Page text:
Women farmers are everywhere. They own the local dairy farm outside of town, operate the hydroponic greenhouse down the street, and tend to and sell the organic produce you buy at your local farmers market.
But while the fields are full of women farmers, sometimes life in the country can get a little lonely. To combat that occasional loneliness, the innovative female farmers of Wisconsin have cooked up a way to connect with each other. According to Civil Eats, women farmers in Wisconsin are throwing potlucks to gab, network, and just kick back.
The concept, now called the Southeast Wisconsin Women in Sustainable Agriculture, was recently thought up by Christine Welcher, and organic farmer. (Although, the potluck movement, overall, started in its grassroots form in Wisconsin about five years ago.) “In December, she [Welcher] began sending out emails to a handful of local women, suggesting that a grassroots movement fueled by simple potlucks would form a needed network. The idea traveled by word-of-mouth. Slowly, the farmers learned of one another, even if they were miles apart,” reports Civil Eats.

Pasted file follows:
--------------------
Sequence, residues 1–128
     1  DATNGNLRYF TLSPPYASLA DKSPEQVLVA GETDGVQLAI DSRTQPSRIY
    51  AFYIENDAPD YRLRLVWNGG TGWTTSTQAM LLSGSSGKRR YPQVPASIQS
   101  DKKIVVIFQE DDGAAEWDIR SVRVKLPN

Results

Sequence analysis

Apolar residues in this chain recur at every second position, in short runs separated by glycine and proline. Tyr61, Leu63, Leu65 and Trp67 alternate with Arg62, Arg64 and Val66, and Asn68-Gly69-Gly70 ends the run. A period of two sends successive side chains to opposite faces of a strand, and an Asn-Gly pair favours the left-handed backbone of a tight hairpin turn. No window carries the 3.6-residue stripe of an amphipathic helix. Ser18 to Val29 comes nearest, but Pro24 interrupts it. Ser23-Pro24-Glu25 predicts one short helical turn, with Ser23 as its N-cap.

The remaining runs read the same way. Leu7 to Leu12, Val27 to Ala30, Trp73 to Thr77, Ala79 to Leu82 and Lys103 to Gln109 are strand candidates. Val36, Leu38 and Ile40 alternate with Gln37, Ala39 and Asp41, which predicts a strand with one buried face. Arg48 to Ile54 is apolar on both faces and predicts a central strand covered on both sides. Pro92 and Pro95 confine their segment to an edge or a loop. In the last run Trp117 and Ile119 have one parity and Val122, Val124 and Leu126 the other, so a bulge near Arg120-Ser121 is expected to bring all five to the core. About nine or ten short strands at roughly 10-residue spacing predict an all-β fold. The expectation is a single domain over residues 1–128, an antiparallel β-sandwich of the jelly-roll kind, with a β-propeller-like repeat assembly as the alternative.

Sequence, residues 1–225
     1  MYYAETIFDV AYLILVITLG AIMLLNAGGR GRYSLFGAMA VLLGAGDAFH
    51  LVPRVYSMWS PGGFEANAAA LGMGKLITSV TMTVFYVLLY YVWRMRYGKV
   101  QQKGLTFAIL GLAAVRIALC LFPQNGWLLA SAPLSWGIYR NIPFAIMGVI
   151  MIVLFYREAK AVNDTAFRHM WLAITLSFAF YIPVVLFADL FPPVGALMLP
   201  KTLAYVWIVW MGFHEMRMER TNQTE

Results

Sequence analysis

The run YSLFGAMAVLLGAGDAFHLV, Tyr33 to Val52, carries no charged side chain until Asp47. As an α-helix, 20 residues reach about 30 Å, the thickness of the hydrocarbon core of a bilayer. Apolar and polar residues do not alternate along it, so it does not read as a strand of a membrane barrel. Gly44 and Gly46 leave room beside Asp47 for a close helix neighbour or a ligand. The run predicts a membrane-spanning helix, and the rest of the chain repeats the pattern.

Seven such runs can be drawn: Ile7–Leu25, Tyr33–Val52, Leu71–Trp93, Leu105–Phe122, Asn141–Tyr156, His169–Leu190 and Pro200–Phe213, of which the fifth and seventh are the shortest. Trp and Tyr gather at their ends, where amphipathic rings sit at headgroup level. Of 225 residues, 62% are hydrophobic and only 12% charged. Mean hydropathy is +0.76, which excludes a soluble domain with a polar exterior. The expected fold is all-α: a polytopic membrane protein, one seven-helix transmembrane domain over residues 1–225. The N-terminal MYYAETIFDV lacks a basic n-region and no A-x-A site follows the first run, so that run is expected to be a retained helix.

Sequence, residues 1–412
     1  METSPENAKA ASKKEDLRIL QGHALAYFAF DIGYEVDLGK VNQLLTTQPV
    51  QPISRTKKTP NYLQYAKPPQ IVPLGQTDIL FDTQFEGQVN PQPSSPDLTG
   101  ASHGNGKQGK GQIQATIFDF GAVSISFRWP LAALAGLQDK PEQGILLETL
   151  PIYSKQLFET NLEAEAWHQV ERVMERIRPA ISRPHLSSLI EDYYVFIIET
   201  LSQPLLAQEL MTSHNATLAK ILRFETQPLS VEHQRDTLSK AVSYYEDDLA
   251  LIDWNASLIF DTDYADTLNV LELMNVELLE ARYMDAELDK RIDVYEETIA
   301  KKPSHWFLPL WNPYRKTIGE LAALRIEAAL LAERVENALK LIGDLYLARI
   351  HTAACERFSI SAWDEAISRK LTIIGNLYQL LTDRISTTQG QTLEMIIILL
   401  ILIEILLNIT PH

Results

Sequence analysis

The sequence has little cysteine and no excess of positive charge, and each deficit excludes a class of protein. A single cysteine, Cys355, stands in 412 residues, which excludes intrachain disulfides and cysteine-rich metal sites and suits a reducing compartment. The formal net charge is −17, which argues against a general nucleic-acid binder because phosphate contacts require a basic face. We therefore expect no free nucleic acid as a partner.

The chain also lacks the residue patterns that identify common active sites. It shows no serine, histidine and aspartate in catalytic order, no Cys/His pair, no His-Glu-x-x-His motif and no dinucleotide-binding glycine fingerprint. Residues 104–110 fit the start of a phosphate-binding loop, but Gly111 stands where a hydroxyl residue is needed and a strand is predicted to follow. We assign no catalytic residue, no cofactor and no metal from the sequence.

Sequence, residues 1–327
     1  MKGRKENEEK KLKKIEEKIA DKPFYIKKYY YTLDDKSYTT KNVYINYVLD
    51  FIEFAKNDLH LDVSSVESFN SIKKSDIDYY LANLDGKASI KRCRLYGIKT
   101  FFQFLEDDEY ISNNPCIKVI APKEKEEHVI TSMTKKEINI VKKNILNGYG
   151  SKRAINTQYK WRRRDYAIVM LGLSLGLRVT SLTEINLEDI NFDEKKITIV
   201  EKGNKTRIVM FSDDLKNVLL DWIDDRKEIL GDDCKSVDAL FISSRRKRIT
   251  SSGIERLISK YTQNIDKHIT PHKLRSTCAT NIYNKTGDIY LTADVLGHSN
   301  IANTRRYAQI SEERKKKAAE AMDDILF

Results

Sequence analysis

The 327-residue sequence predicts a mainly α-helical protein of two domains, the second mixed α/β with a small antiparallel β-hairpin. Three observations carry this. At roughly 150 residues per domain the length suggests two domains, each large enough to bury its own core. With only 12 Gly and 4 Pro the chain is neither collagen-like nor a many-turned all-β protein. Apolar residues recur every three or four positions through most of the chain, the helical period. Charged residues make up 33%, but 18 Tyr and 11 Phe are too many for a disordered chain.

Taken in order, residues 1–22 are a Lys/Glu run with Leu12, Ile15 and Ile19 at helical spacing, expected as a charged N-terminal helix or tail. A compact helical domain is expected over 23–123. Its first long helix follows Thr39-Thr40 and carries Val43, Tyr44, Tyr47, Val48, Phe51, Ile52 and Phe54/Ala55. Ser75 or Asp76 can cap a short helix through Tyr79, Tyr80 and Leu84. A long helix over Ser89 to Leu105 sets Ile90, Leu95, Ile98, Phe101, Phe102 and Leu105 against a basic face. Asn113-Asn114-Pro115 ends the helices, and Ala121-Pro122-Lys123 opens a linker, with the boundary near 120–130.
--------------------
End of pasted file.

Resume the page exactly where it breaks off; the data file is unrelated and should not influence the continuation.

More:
The women cook and serve the food they grow and raise at each potluck. While all the women in attendance consider this gathering a lifeline, they also use the potluck as a venue to share information. The farmers discuss where to buy farm equipment, farms that have gone up for sale, and other items of farming business.
Every potluck is held at a different farm. “Each potluck includes a tour of the hosting farm, formal introductions, and requests and offers of help and resources. Throughout the year, guests stay in contact through a listserv,” reports Civil Eats. And in addition to helping connect women, the potlucks can also be quite lucrative. Sometimes a business partnership can be born. According to Civil Eats, that’s what happened when Anna Landmark, a cheesemaker and goat farmer, met Anna Thomas Bates, at a potluck. The two now run the Landmark Creamery near Albany, Wis.